Book Review: Sacred Marriage by Gary Thomas

Last week, I read Sacred Marriage by Gary Thomas. If you ask around for recommendations on marriage books (in the Christian community), chances are this book will be mentioned more than once. It’s been on my list of books to read for about…the last seven years…so I am ashamed to say I just got around to reading it.

From the cover…

Your marriage is more than a sacred covenant with another person. It is a spiritual discipline designed to help you know God better, trust him more fully, and love him more deeply. Scores of books have been written that offer guidance for building the marriage of your dreams. But what if God’s primary intent for your marriage isn’t to make you happy… but holy? And what if your relationship isn’t as much about you and your spouse as it is about you and God?

Let me start by saying, I enjoy good writing. I could disagree with a book in every form but still enjoy quality writing. Thomas is quality. Self-preclaimed “serious” in all matters spiritual, his tone can be quite dry at times, but still maintaining a high standard of language. If you do not enjoy historical, lecture-sytle writing, you might have a hard time perservering through  this book. Not because the ideas are not interesting, but because the style is a bit dry. That being said, I particularly enjoy this type of writing. I felt like I was sitting in a class of a great professor and I could’ve listened all day long. Thomas writes with a wisdom beyond his years and I very much enjoyed learning from him.

There were a few ideas that I found to be pivotal to my view of marriage. First, I have never thought of marriage as a spiritual discipline. In the same way that I train myself in the study of scripture, prayer, meditation, fasting, etc., I can also train myself to be a good wife (my paraphrase of his idea). I’ve always made the conscious decision to continually work on bettering our marriage, but not necessarily for the goal to make it more holy. He presents this idea in a very thought-provoking way, that you will just have to read to understand:) He also talks about the “holy couple.” Instead of worrying about how you will present yourself (singular) to the Lord when it is finished, think of yourself as a unit…a holy couple.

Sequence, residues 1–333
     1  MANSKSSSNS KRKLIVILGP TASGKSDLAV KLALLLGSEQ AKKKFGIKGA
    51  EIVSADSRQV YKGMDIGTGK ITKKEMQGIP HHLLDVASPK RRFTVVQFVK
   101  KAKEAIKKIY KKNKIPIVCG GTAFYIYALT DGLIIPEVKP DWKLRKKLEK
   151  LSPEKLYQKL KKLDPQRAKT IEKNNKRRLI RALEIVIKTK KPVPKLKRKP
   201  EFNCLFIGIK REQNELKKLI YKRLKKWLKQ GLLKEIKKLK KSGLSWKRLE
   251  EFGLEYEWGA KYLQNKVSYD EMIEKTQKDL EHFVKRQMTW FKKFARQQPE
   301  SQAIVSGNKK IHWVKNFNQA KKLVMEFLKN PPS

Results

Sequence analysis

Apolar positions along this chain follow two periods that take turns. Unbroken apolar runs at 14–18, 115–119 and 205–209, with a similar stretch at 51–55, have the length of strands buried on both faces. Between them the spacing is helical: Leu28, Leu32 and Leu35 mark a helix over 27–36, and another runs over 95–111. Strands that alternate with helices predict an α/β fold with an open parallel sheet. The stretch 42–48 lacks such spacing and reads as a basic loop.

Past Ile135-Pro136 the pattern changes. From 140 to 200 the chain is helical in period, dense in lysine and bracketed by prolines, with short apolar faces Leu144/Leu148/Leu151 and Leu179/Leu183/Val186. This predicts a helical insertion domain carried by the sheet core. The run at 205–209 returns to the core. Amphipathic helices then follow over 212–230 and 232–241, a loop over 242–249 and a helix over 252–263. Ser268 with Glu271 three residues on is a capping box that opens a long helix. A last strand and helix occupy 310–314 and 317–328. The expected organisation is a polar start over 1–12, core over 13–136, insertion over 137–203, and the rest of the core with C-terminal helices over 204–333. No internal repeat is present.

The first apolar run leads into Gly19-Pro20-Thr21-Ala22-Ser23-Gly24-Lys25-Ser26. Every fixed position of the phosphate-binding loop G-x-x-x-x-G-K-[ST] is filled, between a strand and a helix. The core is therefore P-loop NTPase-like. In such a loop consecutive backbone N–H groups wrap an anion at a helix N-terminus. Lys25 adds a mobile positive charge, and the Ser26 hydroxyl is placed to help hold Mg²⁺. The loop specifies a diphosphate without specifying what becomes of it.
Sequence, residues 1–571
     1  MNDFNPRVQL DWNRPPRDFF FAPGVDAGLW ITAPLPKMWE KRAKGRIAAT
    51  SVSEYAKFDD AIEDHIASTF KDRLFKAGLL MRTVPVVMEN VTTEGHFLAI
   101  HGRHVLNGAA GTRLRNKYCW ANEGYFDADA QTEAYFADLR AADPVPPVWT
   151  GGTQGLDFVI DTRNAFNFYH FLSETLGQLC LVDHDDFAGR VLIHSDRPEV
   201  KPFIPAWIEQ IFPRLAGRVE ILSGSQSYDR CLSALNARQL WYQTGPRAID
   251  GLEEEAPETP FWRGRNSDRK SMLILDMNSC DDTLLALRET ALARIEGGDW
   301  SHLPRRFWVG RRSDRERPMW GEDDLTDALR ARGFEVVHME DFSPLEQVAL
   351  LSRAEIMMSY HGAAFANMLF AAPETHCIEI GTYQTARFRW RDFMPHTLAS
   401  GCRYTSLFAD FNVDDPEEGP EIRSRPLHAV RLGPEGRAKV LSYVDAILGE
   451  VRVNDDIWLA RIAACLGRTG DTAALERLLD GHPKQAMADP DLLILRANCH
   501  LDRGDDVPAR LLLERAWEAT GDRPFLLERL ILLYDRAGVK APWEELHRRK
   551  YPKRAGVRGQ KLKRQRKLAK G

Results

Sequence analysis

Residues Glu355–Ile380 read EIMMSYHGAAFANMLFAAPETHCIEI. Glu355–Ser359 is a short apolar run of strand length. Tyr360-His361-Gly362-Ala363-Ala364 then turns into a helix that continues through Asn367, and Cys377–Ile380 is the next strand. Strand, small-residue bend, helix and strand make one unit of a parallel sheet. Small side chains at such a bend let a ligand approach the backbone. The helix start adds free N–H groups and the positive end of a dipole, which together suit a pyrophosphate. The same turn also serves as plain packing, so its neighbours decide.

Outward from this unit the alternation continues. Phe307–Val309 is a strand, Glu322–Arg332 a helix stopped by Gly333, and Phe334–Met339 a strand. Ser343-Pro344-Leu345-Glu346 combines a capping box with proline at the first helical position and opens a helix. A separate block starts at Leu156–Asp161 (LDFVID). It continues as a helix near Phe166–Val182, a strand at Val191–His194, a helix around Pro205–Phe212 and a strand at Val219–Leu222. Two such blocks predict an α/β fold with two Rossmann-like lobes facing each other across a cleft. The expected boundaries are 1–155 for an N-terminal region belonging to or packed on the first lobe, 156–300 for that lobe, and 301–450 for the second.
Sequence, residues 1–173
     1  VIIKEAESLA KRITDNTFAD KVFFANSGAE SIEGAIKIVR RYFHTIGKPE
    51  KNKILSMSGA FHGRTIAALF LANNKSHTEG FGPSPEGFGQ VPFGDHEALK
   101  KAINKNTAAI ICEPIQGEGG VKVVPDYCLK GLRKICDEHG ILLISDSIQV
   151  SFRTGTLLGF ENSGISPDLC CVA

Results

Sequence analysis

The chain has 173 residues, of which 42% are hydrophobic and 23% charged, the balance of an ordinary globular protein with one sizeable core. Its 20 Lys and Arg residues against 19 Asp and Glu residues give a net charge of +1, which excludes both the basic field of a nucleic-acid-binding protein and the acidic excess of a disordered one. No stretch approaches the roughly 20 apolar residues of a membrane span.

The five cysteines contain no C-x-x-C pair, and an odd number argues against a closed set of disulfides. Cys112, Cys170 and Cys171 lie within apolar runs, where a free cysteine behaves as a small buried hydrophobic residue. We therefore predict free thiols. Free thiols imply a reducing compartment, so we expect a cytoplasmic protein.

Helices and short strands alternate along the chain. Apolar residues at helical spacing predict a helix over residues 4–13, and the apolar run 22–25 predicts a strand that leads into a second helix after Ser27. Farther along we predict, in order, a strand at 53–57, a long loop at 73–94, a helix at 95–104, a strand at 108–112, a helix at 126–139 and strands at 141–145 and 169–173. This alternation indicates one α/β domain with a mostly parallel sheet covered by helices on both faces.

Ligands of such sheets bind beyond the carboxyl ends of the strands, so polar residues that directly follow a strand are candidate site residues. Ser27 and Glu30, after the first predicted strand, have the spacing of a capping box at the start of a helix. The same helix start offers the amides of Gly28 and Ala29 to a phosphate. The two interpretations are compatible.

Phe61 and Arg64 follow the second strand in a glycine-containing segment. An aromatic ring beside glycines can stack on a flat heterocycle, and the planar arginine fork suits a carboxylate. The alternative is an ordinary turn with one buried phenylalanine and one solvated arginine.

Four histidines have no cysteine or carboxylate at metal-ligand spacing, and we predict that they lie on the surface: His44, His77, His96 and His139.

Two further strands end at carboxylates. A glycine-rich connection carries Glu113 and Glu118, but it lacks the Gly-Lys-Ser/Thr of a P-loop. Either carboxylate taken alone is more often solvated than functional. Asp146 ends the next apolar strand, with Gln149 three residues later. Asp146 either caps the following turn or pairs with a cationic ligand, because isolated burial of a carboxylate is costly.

He also brought in a lot of Christian historical tradition, which I particularly enjoyed. Side note: Thomas is an excellent storyteller. This book was full of stories: both historical and modern, that were extremely helpful both with the flow and overall theme of the book. He contrasted the historical Christian view of the most holy saints dedicating their life to the Lord in the form of celibacy to the rest of Christians who chose to marry. Who had more potential for holiness? Monks whose sole responsibility was to serve the Lord? Or a person married to another person, serving them as unto the Lord (as well as the many other responsibilities that come along with marriage)?

Interesting stuff.

Overall, I really enjoyed this book. I would recommend it to anyone really…married or not. The book is not overly practical, but will train you in a good theology of marriage and its role in the life of the Christian. If you are new to reading books with a more academic tone, but want to read a book on marriage, I might start with something a little easier to read. It’s not that this book is a difficult read, just a tad on the dry side. This book will challenge you, make you think seriously about issues in your marriage, and encourage you to perservere as unto the Lord.



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